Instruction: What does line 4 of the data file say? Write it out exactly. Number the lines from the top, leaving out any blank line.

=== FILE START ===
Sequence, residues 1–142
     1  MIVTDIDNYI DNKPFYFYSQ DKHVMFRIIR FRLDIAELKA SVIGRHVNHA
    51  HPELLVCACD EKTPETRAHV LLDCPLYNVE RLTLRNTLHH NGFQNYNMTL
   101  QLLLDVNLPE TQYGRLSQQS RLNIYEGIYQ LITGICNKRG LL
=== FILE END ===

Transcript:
   101  QLLLDVNLPE TQYGRLSQQS RLNIYEGIYQ LITGICNKRG LL